For example; when confronted with something morally repugnant, some people automatically use the word ‘glamourise’. Trainspotting is another book accused of glamourising dubious behaviour. It’s one of the least glamourous books ever written. The transition to moving pictures seems to exacerbate this phenomenom, as if having a cool soundtrack is going to persuade people to take heroin over the tenuous negative of a dead baby crawling across the ceiling. 

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Irvine Welsh uses multiple narrators in Trainspotting. George R. R. Martin’s use of multiple third person point-of-view narratives isn’t being used to make the reader agree with something, for example, a Lannister does, but to make them understand why they do it. His main characters are nobles and associates, not everyday folk. If there were Wombles in Westeros they would have to cope with a metric fucktonne of stuff left behind, assuming they hadn’t been desecrated and burned first. The notion that, without protection from the Iron Throne, the land falls into an every-man-for-himself struggle does echo the ideas laid down in Leviathan. 

If you disagree with Leviathan then obviously this means it is advocating a flawed code of ethics. Anarchists could possibly be annoyed at the perceived advocating of the social contract, but really, if they’re trying to persuade people to live outside of a political system, A Song of Ice and Fire is not their most pressing problem. There are, ethically, worse crimes than saying some sort of governing body prevents chaos. 

Advocating a philosophical theory is not something that is going to drastically alter many people’s lives. The Bible has both immoral and moral passages according to contemporary secular thought (this idea existed before Alain de Botton smugged it around like a cloud of raw guff). It doesn’t mean that the book itself is an inherently immoral book (and, for those who defend aspects of Game of Thrones due to its medieval setting, can’t the worst passages of The Bible be defended based on the time it was written in?) The difference is, of course, that there aren’t two billion people adhering to a Hobbesian worldview because they’ve read the books of George R.R. Martin. 

From a purely technical point-of-view, a subtext is good. From a moral point-of-view, it depends on what that subtext is. A Song of Ice and Fire might very well deliberately echo Leviathan. Let’s not kid ourselves that this could hugely influence people in a negative way. Twilight plays up its fairy tale rapist aspect as romantic wish-fulfilment (like Todd Akin had decided to make a Snow White movie). It seems intuitively a more damaging a message to convey. You get national campaigns to raise awareness of domestic abuse, but nothing about ‘One in four people have been affected by the writings of David Hume’. People don’t complain about the Wittgenstein jokes in Family Guy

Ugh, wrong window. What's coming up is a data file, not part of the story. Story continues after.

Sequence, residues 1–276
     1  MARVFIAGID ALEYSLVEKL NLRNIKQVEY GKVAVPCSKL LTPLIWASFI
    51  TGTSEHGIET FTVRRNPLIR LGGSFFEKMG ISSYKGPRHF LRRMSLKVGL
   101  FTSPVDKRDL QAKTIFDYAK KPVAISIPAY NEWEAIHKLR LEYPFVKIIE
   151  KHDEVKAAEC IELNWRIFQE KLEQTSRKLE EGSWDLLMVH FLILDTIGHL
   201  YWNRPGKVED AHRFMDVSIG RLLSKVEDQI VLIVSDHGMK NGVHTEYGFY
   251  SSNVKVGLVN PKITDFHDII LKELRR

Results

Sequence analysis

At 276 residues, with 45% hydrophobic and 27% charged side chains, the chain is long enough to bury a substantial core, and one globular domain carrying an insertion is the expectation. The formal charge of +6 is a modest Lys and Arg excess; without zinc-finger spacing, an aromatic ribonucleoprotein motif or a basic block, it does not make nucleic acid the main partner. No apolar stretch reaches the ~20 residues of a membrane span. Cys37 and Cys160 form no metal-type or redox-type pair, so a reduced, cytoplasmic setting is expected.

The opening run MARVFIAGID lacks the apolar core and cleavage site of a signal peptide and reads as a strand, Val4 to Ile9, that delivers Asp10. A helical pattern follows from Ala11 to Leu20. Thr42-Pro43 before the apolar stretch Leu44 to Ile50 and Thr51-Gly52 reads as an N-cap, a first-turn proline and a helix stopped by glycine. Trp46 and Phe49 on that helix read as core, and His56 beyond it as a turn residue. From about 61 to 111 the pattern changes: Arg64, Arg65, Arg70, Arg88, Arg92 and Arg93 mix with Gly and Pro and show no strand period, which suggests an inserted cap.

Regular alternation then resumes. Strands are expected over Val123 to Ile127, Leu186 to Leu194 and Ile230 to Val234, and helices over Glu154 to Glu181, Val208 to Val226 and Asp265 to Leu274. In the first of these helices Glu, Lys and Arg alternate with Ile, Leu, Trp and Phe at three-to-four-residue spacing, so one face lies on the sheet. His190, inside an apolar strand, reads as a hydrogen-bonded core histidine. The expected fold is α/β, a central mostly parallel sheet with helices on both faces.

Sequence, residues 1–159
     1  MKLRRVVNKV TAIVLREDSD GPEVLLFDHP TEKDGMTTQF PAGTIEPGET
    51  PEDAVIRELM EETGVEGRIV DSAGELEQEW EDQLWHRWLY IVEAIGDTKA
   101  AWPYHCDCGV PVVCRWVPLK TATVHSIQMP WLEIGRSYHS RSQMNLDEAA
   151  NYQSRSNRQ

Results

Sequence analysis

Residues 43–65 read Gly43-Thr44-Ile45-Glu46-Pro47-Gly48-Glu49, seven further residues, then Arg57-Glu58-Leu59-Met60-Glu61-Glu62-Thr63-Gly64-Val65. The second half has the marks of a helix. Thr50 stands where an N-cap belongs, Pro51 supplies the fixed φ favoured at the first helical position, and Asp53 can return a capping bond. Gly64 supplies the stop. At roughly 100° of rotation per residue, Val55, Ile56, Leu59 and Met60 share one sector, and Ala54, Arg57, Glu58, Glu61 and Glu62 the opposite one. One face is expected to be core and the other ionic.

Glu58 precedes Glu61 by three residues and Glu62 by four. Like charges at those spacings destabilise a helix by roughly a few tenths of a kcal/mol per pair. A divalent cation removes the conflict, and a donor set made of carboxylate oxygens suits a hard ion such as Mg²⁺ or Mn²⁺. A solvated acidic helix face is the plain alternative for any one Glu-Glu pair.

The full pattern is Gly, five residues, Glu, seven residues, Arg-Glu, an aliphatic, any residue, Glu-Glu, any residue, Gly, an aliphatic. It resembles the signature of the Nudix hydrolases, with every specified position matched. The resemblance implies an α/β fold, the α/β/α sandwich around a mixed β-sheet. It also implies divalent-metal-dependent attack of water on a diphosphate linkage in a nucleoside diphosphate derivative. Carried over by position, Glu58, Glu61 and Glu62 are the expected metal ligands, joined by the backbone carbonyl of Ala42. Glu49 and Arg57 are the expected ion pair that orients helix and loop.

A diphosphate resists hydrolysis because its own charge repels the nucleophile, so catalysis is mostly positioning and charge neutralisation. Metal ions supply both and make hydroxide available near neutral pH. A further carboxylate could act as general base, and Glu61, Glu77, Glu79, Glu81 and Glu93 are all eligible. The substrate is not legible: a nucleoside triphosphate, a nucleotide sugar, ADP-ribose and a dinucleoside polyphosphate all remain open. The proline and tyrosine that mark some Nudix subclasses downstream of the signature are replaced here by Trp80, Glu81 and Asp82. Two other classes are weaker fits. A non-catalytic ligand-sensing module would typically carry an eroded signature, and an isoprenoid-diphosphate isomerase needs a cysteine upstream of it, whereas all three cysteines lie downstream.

The fact that a lot of intelligent people like Twilight and Fifty Shades of Grey suggests that subtext isn’t a huge influence on most people’s reading habits. What’s going to sound better: ‘Hey, there’s this really romantic book where this girl falls in love with a vampire’ or ‘It’s about how women should abandon all their ambitions and enslave themselves into a child-bearing marriage after some unbelievably violent sex’? 

Most people don’t care about subtext. If they did, we’d have to have separate charts for ‘Reading for Enjoyment’ and ‘Reading it to Check it was Definitely as Awful as I Thought It Would Be’. If I’m going into a book looking for subtextual meaning, I’d rather pick up on references to ethical theories than sexually regressive insinuations. Because there definitely aren’t any of them in Game of Thrones. 

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In conclusion, my advice to aspiring writers who value success over art would be this: Your subtext can be as clever or as repulsive as you want, because most people just want to be entertained. 


Read our reviews of Game Of Thrones’ second and first seasons, here.